Patricia Hofer

Christianity’s unique and special gift.

Have you ever wondered whether Christianity includes something unique, something that separates it from other world religions? When I wondered about this, a little research showed me that Christianity and the world’s other major religions are similar in one basic understanding—they recognize that our life here is not all that human beings are intended to be. And so each of these religions offer some kind of process for the elevation of who we are.

The difficulty with these behavior-based processes for improvement and elevation, from my Christian point of view, is that they depend wholly on self-effort and self-responsibility. And the sad reality is that, when we try to lift ourselves up, the selfishness of the natural man will all too often win the day—regardless of which religion we adhere to. Believers may choose to overcome sinfulness, temporarily, by pushing back natural impulses like greed or jealousy or competitiveness. But, left to struggle on alone, people often find their bad behaviors re-emerging in some way and overwhelming their best intentions.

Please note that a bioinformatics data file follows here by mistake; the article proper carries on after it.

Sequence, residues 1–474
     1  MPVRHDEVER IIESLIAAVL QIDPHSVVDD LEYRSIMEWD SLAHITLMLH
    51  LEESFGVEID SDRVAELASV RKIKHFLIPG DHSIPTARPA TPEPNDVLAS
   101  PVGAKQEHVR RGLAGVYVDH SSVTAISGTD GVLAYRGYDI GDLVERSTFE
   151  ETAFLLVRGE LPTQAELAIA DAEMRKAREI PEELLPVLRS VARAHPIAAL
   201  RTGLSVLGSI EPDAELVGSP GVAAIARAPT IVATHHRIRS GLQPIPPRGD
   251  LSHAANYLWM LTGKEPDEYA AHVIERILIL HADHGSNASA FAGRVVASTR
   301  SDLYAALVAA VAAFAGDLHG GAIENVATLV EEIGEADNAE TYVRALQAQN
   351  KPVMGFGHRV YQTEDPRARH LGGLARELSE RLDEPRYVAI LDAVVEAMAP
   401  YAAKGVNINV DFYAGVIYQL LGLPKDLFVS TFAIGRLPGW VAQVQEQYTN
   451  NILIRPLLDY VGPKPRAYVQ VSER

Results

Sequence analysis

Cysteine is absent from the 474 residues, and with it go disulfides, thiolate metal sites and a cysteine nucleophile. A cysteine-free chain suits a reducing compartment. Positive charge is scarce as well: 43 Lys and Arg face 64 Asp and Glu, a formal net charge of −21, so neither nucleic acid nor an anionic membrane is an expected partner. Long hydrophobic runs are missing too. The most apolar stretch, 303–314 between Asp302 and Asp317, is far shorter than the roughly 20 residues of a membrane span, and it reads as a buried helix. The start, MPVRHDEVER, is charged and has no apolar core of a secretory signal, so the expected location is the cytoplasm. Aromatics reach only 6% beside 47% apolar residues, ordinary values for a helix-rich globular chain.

Hannah Whitall Smith, describing the Christian dimension to this struggle, writes that the “purpose of God in our creation” is accomplished “by His working in us, and not by our working in ourselves.” The necessity, according to Smith is to “move our personalities, our egos, and our wills out of self and into Christ” (God of All Comfort 280, 271).

Then, as Jesus promises in John, his living spirit is an ever-present advocate and comforter, working with us and in us (see NRSV and KJ 14:15-20). Through Christ we come to know that we are not orphaned beings, laboring alone in the great battle between good and evil. Our elevation, our salvation, is an eternal blessing from God, a gift from Him through His Son to us. That, for me, is what makes Christianity so comforting and so special. (Yielding to Wonder, chapter 1)

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